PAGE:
Australia and France have reaffirmed plans to deepen defense cooperation in the Indo-Pacific region. They're trying to mend fences after the cancelation of a submarine deal last year. This comes as China is expanding its influence in the Indo-Pacific.
Australian Defense Minister Richard Marles visited France as the last stop of his trip to Europe.
He met on Thursday with his counterpart Defense Minister Sebastien Lecornu. Marles emphasized Australia's commitment to improving ties with France as one of its closest partners.
Marles said, "Obviously we want to move on from the event of last year and try and turn the page and build the relationship between Australia and France that we should have."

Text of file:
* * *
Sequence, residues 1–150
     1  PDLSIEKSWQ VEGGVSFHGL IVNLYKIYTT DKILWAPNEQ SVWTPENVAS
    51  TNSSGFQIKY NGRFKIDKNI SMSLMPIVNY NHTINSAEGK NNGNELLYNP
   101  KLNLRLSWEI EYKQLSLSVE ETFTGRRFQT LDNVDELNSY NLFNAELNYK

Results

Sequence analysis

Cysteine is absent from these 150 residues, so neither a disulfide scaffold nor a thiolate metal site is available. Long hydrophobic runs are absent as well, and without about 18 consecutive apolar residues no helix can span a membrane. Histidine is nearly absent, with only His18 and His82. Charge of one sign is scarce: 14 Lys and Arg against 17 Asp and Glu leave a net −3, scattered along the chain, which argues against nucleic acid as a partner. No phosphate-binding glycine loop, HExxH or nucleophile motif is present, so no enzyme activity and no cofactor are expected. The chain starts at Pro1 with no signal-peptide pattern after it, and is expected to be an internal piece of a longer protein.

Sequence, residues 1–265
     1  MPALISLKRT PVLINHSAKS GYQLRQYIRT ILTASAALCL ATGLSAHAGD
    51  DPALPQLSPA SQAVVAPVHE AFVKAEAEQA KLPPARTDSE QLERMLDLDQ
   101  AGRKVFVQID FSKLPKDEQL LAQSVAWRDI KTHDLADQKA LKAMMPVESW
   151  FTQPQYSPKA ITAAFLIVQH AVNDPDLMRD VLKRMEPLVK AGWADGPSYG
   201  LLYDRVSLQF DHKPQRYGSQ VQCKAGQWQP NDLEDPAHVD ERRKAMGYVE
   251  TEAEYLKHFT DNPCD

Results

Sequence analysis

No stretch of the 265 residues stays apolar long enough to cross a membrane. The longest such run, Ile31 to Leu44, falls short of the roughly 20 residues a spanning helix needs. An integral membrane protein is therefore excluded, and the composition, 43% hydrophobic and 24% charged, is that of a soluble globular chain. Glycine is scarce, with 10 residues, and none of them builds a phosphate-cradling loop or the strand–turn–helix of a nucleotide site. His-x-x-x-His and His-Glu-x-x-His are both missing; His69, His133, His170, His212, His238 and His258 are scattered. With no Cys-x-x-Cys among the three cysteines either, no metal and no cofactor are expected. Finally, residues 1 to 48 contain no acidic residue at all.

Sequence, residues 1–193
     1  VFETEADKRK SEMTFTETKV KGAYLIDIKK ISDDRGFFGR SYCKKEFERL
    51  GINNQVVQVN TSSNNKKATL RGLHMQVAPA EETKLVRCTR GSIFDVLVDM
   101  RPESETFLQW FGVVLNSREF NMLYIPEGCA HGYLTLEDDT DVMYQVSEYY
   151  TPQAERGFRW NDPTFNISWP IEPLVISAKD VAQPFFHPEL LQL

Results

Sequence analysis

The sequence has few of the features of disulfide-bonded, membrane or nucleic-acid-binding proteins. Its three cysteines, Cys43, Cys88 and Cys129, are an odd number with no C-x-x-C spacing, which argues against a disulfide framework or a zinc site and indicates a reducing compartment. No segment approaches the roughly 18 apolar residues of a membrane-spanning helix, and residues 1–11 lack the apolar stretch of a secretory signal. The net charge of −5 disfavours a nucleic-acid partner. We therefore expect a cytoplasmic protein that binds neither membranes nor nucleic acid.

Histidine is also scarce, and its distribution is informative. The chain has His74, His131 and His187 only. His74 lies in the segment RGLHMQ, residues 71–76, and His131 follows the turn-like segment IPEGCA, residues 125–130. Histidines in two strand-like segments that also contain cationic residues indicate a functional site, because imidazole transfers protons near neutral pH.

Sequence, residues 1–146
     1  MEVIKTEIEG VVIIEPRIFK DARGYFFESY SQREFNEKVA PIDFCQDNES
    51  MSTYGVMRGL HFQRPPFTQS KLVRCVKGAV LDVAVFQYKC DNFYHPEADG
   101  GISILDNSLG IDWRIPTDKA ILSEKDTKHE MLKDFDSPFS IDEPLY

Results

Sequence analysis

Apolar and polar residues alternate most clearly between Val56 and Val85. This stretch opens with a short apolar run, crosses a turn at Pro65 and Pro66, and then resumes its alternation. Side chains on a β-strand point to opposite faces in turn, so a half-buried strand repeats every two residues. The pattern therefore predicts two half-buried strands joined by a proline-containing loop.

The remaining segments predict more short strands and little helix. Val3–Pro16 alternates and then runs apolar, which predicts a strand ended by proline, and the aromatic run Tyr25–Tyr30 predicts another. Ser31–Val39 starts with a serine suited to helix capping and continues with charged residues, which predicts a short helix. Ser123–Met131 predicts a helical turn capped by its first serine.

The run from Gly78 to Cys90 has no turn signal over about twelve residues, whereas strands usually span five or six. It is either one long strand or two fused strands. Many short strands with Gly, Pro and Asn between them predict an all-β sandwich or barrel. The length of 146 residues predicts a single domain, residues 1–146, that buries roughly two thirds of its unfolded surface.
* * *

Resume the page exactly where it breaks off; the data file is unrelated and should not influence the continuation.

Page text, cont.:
Lecornu stressed France's commitment to the Indo-Pacific, where its overseas territory New Caledonia shares a maritime border with Australia.
He said, "Beyond the friendship, we have been able to build an operational closeness between our two militaries, an operational closeness precisely because we are neighbors."
Marles' visit follows a meeting in July between Prime Minister Anthony Albanese and President Emmanuel Macron in Paris. The two leaders declared a new start to relations between their countries.
Ties soured last year after Australia canceled a submarine contract with France.
Instead, then-prime minister Scott Morrison announced the country would get its first nuclear submarines as part of a security partnership with the United States and Britain, called AUKUS. That led France to recall its ambassador to Canberra in protest.